What Free Will?
The following could be called my personal/political doctrine in infant form. Any who know me are well aware of my beliefs in the effects of institutions upon consciousness. It’s a very materialistic (re: Marxist) idea. I believe in free will to the extent that an individual’s personal decision bears a direct effect on their future, and that there is no unavoidable, predetermined fate. However, the way a person perceives, thinks, and acts is determined by environmental factors: family, religion, government, culture, etc. In short, individual ideology is a product of environment. As for labels go, this philosophy could be dubbed institutional determinism; but don’t get too caught up on labels. The following is my thoughts on this matter. It begins with a short poem I wrote.
We’re all products of our environments.
Slaves to the systems we inhabit.
Owned by our good and bad habits,
what we have to have and what we can’t stand having.
Burdened by the Bible and inspired by a song,
longing for the promise land and being scared by hell.
Made suitable for society, we’re mere civilized savages.
We’re never truly free. All sentient beings are conditioned by their environments. The ideas and modes of thinking that define our ideologies are ineluctably beat, battered, and cooked by the institutional structures that surround us. By institutions I mean a whole host of actors, namely schools, governments, and families; however, the list is by no means restricted to these three. These institutions are responsible for what we think, how we think it, and what we do about it. The way we act at home, in public, and in private are resultant actions of our ideologies. Nothing we think is ever entirely unique. We may add to or take from, but we never really come up with anything essentially our own. Sounds scary, doesn’t it?
Well, it isn’t all bad. Without well structured institutions to mold a person’s mind we would be left with something probably closer to the state of nature – not a desirable condition. Ideas about civil rights and liberties, social propriety, the rule of law, and all sorts of positive ideas would be eclipsed by basic human needs and wanton desires. We’re taught good habits, like buckling our seat-belt, looking both ways before crossing the street, and not spitting in public. Our ideas about the “good” and “bad” and the acceptable and unforgivable are handed down in the form of parental discipline and lecture hand-outs. We’re told that sharing is good and casual fornication is bad; we’re conditioned to think that opening the door for a woman is chivalrous and cutting someone off is rude. In short, we’re made into civilized savages beings.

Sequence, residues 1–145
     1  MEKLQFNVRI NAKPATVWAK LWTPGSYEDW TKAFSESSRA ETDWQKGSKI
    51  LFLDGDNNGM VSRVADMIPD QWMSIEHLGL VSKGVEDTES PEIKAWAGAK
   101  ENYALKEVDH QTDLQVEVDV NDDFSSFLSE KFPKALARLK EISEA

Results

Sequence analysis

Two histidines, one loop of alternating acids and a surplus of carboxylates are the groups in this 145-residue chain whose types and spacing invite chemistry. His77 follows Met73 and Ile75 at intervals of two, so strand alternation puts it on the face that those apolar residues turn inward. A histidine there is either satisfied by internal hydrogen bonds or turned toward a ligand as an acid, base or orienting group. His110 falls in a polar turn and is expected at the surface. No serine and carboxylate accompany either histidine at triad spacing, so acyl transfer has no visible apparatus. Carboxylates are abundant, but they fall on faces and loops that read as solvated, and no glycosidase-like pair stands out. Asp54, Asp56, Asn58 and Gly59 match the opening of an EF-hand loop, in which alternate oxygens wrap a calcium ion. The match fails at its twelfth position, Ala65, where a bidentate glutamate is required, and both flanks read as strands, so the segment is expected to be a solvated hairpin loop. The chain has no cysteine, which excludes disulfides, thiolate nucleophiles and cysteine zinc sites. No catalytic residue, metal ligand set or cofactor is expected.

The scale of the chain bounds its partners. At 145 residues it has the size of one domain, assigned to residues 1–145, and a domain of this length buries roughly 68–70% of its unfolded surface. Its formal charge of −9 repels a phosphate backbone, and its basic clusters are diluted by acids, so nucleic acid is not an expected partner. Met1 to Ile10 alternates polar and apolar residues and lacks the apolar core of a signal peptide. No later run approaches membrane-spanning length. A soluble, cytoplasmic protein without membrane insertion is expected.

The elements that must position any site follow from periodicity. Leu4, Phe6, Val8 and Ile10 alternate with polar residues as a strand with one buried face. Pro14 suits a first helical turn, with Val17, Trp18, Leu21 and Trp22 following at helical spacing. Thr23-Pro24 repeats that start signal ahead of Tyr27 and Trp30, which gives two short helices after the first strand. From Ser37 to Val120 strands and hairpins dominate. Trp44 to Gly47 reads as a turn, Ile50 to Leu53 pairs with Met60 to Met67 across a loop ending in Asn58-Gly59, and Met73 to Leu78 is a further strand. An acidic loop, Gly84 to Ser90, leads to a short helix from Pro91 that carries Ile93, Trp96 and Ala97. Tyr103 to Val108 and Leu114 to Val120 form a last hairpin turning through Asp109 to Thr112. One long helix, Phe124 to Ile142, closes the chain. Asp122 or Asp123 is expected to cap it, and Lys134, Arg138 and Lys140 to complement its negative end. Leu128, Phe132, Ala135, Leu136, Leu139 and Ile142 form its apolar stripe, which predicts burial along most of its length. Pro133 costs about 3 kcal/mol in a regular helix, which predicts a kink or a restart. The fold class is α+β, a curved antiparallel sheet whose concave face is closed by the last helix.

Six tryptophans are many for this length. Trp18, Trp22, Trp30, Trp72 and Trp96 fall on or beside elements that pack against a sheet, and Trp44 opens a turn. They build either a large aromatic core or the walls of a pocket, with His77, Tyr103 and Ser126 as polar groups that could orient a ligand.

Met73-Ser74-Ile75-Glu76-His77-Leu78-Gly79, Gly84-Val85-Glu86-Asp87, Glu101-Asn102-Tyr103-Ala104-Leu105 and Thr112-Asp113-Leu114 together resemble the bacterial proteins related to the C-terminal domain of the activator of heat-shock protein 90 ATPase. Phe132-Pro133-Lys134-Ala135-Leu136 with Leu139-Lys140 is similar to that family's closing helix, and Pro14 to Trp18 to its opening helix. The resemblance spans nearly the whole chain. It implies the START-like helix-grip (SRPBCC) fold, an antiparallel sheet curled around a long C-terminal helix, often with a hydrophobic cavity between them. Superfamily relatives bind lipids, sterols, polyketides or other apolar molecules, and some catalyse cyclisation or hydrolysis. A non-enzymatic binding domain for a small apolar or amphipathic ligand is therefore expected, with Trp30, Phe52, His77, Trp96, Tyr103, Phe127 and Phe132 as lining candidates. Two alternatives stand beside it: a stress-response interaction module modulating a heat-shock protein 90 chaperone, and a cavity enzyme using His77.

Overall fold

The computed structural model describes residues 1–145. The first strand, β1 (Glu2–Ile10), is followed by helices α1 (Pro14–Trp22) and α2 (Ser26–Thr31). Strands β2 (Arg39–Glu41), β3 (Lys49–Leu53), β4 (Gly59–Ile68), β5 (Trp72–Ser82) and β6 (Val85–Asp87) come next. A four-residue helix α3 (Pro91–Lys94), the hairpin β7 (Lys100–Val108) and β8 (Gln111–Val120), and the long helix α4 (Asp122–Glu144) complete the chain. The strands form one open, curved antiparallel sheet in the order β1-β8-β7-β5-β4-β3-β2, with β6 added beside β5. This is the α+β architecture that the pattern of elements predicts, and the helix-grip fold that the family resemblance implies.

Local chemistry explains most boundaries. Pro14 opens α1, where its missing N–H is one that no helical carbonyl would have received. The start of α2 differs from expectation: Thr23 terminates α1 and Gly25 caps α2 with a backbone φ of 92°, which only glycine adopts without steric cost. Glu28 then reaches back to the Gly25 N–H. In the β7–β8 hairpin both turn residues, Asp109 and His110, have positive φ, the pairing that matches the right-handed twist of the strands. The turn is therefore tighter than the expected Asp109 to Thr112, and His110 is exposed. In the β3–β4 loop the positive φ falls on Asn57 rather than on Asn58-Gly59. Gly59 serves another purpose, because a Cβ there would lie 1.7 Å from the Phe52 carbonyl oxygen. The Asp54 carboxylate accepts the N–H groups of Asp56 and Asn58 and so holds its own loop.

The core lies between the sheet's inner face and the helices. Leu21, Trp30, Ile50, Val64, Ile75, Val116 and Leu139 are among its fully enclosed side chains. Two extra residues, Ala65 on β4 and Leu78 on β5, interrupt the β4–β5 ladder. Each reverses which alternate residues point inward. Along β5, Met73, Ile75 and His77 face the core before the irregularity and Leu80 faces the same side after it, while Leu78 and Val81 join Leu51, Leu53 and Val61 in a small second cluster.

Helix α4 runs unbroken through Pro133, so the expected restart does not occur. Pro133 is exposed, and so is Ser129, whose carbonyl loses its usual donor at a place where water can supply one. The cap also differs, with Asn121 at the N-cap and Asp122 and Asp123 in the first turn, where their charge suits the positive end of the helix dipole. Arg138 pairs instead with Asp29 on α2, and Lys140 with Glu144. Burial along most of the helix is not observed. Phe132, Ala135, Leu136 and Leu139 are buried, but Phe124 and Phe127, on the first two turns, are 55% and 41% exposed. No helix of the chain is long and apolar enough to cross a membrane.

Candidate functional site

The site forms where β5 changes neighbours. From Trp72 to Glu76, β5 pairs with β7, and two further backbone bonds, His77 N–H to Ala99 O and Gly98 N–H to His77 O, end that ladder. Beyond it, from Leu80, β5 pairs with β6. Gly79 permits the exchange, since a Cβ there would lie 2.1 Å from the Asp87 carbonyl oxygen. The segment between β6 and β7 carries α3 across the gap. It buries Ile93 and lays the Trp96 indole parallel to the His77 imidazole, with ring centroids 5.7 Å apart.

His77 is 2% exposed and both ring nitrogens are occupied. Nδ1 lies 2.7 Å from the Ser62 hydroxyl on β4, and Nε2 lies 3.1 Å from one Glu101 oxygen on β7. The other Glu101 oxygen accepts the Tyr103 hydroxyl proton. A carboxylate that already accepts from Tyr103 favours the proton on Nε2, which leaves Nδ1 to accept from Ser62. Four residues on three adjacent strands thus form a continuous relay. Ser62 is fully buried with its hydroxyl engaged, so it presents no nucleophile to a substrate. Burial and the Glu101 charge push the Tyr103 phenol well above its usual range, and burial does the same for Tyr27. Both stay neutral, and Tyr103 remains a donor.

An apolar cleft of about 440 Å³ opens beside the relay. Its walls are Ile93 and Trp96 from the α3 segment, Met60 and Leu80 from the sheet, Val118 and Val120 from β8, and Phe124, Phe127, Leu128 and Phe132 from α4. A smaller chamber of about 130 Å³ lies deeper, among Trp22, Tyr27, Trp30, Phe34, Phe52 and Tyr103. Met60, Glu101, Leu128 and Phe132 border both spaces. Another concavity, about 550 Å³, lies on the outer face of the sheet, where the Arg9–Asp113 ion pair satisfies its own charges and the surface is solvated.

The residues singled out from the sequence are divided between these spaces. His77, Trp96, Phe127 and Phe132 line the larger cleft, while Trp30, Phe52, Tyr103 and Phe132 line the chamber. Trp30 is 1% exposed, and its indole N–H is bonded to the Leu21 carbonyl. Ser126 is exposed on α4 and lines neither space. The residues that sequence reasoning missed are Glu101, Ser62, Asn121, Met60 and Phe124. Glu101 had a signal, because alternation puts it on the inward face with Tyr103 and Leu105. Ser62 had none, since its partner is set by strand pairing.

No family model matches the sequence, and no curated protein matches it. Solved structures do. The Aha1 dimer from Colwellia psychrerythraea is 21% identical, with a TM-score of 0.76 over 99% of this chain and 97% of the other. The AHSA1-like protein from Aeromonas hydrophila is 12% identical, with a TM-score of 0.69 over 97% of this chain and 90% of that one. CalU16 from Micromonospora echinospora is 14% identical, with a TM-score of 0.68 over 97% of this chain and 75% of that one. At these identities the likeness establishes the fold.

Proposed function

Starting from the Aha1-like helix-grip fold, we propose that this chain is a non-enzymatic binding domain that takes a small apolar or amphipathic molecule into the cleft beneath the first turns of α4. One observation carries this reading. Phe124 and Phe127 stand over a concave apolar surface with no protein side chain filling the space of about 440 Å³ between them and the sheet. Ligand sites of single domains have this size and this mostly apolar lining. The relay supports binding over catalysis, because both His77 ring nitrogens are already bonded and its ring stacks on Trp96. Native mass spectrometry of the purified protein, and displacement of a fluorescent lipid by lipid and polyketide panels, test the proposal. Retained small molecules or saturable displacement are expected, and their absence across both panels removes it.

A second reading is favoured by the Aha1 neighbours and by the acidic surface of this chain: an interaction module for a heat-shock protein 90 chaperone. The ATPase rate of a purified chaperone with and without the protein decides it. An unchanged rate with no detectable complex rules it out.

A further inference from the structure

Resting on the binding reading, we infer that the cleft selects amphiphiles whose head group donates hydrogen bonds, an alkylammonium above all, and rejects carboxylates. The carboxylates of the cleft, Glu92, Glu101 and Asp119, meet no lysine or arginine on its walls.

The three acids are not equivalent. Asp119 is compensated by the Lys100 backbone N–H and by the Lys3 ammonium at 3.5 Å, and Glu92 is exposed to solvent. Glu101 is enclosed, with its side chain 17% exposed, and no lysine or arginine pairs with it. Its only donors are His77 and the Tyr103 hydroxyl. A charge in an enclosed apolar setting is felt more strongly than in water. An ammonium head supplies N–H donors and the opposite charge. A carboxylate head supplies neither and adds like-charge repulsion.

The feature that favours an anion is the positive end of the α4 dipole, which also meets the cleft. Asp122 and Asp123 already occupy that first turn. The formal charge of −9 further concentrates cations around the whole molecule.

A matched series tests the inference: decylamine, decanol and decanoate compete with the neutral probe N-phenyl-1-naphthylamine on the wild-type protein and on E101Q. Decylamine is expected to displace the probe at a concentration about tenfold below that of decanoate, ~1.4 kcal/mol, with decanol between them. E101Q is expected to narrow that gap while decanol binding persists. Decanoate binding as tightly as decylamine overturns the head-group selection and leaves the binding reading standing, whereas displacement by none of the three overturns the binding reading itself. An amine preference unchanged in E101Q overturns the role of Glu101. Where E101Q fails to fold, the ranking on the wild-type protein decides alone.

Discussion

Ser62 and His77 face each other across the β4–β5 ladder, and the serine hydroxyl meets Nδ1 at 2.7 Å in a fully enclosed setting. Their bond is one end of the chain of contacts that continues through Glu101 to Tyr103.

On the adverse contrary, there are myriad of odious components to the way institutions affect our ideology. In short, it seems that societies with bad institutional structure breed poor human beings. Take for example pre-abolition America. The idea that slavery is an acceptable treatment of property a human being is a glaring example of how institutions can propagate and inculcate perverse ideas. There are also more insidious ways that ideologies can be affected. Take for instance Machismoism. The notion that men are not only physical superior (an indisputable, and non-sexist fact in my opinion) but also intellectually superior. Of course societies that teach male superiority can still function effectively and look, on the surface, as a highly developed, modernized system. But what are the ramifications of such ideas? How is the female ideology affected? I can’t imagine that a female living amongst male chauvinists will be very assertive or confident, especially around her male compatriots. As for males, an idea that they’re “always right” certainly impairs rational thinking and leads, I would think inevitably, to sexists attitudes and behaviors. So, we can also be made into poorly behaved animals.
What about changes in ideology? Who pioneers the movement towards ideological shifts in thought? Is it accomplished by “great people” of history, or is it simply the accumulation of larger social movements? To this, I can’t say nor do I really want to dwell on it – not now anyway. Suffice it to say that our ideas about equality and the way we treat women (and the way women treat men) are resultant ideas given to us by the systems we inhabit.
With writing this I acknowledge that my ideas are not wholly unique (maybe not unique whatsoever) and are mere reflections of what has been taught to me, primarily through my upbringing, university education, and reading – how materialistic, right? Furthermore, I seem to be alluding to some impersonal standard of desirability or “goodness” in my critique of what is favorable and deplorable of one’s ideology. Where does this standard come from? Is it from some idea of natural, inalienable rights? Or is that just an idea given to me by the U.N. Declaration of Human Rights? At this point, I have no definitive answer. I will, however, leave you with this interesting quote by Pascal used by Marxist philosopher Louis Althusser.
“Act as if you believe, pray, kneel
down, and you shall believe”